Vitalmiro Bastos de Moura, aka Bida, the landowning farmer accused of being one of the people who ordered the murder of the American missionary, Dorothy Stang in 2005, surrendered to the Civil Police in the city of Altamira, in the state of Pará on Saturday, February 6.
This followed a decision by Brazil’s main appellate court (Supreme Court of Justice – STJ) overturning a habeas corpus and ordering him back to jail.
Dorothy Stang was assassinated on Feb 12, 2005, in Anapu, state of Pará, where she worked with poor, landless farmers helping them obtain property rights and avoid being exploited by big landowners in the area.
Bida was tried in 2007, found guilty and sentenced to the maximum sentence in Brazil: 30 years. However, a new trial in 2008 found him innocent. Brazilian government attorneys (Public Ministry) filed a lawsuit against that decision and got it overturned by a Pará state court.
But he remained out of jail because his lawyers obtained a habeas corpus – it was this habeas corpus that the STJ revoked on Thursday, Feb 4, making his return to jail inevitable. However, his lawyers are already preparing the papers to file for a new habeas corpus and free him again.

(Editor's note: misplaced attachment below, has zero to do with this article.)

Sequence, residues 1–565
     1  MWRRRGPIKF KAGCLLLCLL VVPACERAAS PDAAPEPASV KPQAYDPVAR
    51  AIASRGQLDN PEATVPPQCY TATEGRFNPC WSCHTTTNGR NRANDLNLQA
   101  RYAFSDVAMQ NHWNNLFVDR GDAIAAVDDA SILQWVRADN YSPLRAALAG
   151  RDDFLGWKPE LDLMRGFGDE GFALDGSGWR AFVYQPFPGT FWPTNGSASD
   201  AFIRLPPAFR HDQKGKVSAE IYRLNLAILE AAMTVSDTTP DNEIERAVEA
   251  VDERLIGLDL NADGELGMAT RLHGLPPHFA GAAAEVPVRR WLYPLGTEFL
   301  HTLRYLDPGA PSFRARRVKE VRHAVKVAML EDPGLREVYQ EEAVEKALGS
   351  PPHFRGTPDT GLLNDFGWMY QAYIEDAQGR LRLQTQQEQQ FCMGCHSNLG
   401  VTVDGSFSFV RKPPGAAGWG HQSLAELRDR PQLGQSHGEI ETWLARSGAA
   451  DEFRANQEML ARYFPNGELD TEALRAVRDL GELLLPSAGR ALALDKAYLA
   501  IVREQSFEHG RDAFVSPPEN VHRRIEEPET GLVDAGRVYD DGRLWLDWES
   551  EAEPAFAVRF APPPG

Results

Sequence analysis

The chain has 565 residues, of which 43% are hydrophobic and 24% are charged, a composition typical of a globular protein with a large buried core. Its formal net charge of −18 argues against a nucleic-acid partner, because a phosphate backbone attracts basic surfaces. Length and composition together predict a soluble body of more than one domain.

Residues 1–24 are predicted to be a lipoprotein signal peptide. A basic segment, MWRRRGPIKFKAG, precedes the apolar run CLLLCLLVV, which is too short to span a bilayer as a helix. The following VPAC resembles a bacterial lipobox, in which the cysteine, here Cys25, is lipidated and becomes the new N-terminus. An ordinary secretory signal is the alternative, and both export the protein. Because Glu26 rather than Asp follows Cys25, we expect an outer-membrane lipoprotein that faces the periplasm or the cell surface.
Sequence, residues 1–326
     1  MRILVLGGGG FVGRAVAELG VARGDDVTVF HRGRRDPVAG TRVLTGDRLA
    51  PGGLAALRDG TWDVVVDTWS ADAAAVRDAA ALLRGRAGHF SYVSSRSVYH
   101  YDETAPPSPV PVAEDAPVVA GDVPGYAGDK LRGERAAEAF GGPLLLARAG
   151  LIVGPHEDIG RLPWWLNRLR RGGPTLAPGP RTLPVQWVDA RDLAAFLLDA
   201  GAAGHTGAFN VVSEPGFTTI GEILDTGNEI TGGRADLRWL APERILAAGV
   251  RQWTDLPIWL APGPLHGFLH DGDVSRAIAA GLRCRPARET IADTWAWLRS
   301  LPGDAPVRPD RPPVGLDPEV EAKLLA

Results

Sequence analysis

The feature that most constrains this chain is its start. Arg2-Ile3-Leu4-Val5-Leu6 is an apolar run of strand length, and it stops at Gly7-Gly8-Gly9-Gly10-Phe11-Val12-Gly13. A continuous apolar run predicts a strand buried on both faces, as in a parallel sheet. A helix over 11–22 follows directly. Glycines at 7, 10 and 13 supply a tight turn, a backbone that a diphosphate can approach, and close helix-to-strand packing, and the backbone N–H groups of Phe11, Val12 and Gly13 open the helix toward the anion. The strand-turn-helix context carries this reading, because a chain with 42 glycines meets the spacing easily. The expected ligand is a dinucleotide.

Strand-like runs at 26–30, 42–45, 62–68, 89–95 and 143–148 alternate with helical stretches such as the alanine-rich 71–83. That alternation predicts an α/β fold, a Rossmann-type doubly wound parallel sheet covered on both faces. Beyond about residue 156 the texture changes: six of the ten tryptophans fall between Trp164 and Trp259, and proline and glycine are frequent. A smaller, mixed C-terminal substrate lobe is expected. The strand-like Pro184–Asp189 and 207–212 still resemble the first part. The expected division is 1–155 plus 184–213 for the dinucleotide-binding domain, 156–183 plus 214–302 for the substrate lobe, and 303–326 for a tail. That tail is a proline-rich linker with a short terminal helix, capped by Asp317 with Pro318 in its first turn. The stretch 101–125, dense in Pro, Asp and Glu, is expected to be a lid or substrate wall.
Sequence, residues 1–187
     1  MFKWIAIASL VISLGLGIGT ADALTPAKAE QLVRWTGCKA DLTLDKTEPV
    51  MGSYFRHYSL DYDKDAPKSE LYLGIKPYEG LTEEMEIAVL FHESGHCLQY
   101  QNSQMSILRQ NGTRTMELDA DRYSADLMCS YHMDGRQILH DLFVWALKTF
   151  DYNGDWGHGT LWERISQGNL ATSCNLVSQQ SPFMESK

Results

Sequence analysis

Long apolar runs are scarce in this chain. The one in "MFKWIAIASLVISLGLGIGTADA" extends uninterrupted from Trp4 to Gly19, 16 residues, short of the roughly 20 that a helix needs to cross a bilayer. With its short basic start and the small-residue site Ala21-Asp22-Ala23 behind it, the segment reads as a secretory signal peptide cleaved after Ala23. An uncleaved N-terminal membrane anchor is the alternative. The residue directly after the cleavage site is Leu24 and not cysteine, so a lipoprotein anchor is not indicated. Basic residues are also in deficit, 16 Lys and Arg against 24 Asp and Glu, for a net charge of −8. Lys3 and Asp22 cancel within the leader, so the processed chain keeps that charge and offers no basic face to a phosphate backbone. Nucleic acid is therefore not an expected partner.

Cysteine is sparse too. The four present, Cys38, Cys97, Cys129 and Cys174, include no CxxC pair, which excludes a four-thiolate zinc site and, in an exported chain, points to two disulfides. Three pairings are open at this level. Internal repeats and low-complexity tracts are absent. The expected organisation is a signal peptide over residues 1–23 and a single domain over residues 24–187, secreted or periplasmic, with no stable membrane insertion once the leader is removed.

The farmer ended up being freed because in his first he was sentenced to 30-year in prison, which is the maximum in Brazil, a country that doesn’t have death penalty. In cases like that legislation requires a second trial to confirm the sentence. At this second trial, Bida was found not guilty.
The decision to send him back to jail was not unanimous. One of the judges, Arnaldo Esteves Lima, the same one who gave him the habeas corpus, cited the fact that technically Bida was innocent because of the decision in his second trial, and voted returning him to prison.
But the majority of the judges accepted another decision in December 2009 by Pará state’s Justice Court based on a lawsuit filed by government attorneys, which annulled the second trial.
The Dorothy Stang murder has become an international cause célèbre, but achieving some form of justice and closure has become frustrating and confusing.
To make matters worse, the man who is believed to have been the mastermind behind the crime, the person who ordered and paid for it, another landowning farmer, Regivaldo Pereira Galvão, aka Taradão (Big Pervert), has been indicted but, five years after the crime, still has not gone on trial, not even once.